Dr. Ben Carson

With Europeans intrigued by America's unexpected success, Alexis de Tocqueville carried out an in-depth study of the new nation in the 1830s. He was quite impressed with our divided government, which featured the separation of powers.

This structure made it difficult for any one branch -- executive, judicial or legislative -- to acquire too much power and run roughshod over the other branches and the will of the American people. Unfortunately, today we are witnessing a largely unchecked executive branch issuing decrees that circumvent Congress while facing only tepid resistance.

In civilian life, when a contract is entered into by two parties, and it is subsequently discovered that one side knowingly presented false promises in order to consummate the deal, a legitimate lawsuit can be initiated on the basis of fraud. The Affordable Care Act is a prime example of such a contract in the form of a bill, which never would have been passed if it had been revealed that millions of people would lose the health insurance with which they were satisfied and that they might not be able to keep their doctors, among other promises.

Nevertheless, this massive case of fraud has not been legally challenged by the legislative branch, leaving one to wonder why.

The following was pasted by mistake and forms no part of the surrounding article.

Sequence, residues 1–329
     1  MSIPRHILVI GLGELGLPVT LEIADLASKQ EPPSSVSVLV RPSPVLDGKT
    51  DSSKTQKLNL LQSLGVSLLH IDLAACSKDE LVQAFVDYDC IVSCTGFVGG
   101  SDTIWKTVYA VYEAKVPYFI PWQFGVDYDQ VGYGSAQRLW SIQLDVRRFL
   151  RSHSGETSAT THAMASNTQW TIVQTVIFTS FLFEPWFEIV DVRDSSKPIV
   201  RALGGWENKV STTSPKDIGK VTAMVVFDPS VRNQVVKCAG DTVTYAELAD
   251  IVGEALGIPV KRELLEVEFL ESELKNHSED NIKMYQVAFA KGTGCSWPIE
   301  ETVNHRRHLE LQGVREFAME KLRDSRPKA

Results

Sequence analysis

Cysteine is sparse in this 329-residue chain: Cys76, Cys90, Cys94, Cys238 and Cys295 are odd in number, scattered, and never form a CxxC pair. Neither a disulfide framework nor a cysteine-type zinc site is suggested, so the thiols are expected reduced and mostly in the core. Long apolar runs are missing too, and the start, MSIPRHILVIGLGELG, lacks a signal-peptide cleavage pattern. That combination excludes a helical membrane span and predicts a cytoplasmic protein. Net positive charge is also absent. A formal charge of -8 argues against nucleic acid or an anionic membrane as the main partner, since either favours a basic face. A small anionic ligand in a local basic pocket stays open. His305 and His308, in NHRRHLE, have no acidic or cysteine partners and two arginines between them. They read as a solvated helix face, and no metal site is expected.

We hear a great deal about "Chicago-style politics." It is nothing more than a euphemism for political corruption, including bullying, blackmail and bribery. These pressures can be just as easily applied to national political figures as to local politicians.

Courage can be quite difficult to find when the threat of exposure hangs over one's head. In an age when Big Brother is capable of watching everything we do, it is not hard to imagine a scenario in which large numbers of public servants are silenced or subdued by secretive threats.

I have had an opportunity to witness firsthand how the blackmail threat operates. Several years ago, while I was in the operating room, I received a call from one of the legal offices at Johns Hopkins University informing me that the state of Florida was trying to attach my wages for child support.

I was shocked at such an allegation and informed them that I have three children, which I already support very ably. They said a woman in Florida was accusing me of being the father of her son, and that she had proof of our relationship. The proof turned out to be knowledge of where I went to high school, college and medical school, and where I served my internship and residency. To top all of that off, she had a picture of me in scrubs. I said anyone could obtain such information. However, the paternity suit was pursued, and I had to involve my personal lawyer.